legal-ish argument.  But that is being put forward as the official position

of the White House. 


And that crazy letter from the White House has now been used and cited by

other government agencies in their efforts to try to block witnesses from

those agencies from testifying when they`ve been called to testify before

the impeachment committees. 


For example, the Department of Defense referred to this crazy White House

counsel letter this week when they warned the Assistant Secretary of

Defense Laura Cooper that she shouldn`t show up and testify to the

impeachment proceedings this week.  The Pentagon sent a lawyer to her –

excuse me, sent a letter to her lawyer the night before she was due to



Quote: This letter forms you, the lawyer, and your client, Ms. Cooper, of

the administration-wide direction that executive branch personnel cannot

participate in the impeachment inquiry under these circumstances.  And then

it says, see tab C.  And what a Tab C is an attached copy of the crazy

pants White House counsel`s letter that says neener, neener, neener, we

don`t think this is real.


So, this is an odd strategy.  I mean, it`s all odd strategy.  This is the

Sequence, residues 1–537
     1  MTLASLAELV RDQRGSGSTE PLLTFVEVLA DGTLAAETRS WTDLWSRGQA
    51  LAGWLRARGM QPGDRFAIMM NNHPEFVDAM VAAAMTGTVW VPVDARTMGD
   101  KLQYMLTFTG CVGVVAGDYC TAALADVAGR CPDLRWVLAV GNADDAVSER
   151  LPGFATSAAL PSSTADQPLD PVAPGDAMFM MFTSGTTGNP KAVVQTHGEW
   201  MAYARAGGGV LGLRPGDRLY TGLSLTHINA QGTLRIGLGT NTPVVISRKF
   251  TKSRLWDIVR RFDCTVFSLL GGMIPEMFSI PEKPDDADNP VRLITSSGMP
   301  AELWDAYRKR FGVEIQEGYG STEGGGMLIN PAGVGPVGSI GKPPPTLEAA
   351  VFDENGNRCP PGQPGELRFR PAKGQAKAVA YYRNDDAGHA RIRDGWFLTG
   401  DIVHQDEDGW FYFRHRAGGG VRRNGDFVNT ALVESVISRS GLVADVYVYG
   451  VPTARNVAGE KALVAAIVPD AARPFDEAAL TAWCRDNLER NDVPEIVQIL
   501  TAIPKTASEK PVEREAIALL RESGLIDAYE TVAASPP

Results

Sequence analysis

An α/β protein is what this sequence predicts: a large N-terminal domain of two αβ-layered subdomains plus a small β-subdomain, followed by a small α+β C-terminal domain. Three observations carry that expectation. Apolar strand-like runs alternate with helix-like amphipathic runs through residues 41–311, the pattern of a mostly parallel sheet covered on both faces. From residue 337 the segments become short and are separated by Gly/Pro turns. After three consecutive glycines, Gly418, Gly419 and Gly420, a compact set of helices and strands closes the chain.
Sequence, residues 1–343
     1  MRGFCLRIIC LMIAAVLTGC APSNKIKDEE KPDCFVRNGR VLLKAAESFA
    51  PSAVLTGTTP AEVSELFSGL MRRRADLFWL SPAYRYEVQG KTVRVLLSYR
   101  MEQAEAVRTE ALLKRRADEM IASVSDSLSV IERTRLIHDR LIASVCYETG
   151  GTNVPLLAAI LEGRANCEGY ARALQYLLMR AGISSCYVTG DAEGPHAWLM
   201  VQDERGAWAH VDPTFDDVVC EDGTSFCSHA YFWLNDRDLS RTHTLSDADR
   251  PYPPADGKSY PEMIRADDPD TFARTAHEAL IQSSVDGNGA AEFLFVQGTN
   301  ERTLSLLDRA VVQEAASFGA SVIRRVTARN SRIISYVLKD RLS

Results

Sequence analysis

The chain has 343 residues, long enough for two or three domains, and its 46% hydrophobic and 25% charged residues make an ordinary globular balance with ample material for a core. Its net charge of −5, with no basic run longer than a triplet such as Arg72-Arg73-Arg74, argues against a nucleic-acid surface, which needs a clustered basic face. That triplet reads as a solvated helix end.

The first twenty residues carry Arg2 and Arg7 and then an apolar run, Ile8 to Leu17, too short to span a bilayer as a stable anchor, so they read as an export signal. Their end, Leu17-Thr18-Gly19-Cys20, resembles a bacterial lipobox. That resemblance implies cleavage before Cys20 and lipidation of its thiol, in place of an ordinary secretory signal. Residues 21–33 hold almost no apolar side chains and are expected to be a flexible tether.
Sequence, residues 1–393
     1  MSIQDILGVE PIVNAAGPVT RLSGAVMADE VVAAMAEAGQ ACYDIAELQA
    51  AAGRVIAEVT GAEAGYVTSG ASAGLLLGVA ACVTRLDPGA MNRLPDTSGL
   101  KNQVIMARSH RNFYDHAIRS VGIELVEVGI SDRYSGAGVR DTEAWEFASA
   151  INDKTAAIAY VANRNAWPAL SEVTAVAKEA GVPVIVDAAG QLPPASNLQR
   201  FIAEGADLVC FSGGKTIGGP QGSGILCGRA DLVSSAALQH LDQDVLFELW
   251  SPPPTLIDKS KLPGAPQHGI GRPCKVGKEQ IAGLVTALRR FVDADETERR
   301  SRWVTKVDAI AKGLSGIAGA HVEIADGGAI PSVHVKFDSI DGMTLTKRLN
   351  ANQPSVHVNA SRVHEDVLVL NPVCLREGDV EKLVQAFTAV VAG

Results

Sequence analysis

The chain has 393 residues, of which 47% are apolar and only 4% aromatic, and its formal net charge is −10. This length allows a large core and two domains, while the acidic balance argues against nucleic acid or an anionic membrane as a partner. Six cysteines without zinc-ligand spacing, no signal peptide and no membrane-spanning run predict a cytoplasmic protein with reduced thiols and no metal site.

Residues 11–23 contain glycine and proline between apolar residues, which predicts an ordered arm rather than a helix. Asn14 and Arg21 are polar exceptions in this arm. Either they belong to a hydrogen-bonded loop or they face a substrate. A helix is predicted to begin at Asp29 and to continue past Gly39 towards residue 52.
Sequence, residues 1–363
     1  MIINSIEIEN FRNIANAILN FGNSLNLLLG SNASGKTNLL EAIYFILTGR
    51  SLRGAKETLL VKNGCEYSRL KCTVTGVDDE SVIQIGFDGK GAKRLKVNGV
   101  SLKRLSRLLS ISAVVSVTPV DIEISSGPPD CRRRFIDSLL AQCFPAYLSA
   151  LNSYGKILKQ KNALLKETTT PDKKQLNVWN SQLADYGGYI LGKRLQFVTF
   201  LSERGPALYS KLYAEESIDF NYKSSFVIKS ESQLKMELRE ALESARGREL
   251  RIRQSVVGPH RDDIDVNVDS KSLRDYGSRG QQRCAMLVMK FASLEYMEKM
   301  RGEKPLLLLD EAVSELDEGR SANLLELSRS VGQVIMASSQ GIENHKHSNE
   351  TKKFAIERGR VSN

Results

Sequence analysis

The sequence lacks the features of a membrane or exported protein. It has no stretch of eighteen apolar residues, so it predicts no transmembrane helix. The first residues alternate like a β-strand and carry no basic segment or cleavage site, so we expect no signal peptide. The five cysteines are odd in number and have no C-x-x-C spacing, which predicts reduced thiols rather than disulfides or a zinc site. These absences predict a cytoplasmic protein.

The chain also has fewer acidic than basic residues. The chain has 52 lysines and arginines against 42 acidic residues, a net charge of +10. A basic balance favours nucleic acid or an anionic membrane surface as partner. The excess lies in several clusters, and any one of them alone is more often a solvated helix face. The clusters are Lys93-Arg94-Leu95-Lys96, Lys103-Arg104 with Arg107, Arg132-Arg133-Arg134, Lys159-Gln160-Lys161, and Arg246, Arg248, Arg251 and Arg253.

Trump White House asserting the impeachment inquiry doesn`t exist.  It`s

illegal and unconstitutional, so we`re not going to allow you to use the



It`s one thing for the White House to assert that.  It`s another thing for

the White House counsel to assert that.  But now we are seeing that crazy

argument cited in writing as the basis for other government agencies

telling their own officials that they shouldn`t show up and testify because

the White House says the impeachment isn`t real. 


I mean, it`s a little bit nuts.  I should say, federal agencies have not

had great luck in trying to stop their officials from testifying to the

impeachment proceedings.  We`ve already seen eight witnesses that we know

of show up to give depositions or transcribe testimony including a bunch of

current administration officials who went and gave that testimony despite

the stern letters from the White House saying, no, no, we said this doesn`t



But here`s the other part of this.  The Justice Department, led by Bill

Barr, has also been trying its own version of this in the courts.  I mean,

alongside the White House`s crazy letter arguing that the impeachment isn`t

real, it`s not a real impeachment, it`s not legal, it`s not constitutional,

we`re pretending like it`s not happening. 


Alongside that from the White House counsel`s office, the actual Justice

Department has also been arguing the same thing in court.  They`ve been

trying the court filings version of that bizarre White House letter.  The

Justice Department has been trying to argue in court that, like the White

House says, this impeachment isn`t real.  It isn`t legal.  It`s not really



Well, that was ultimately destined to run into a brick wall and tonight, it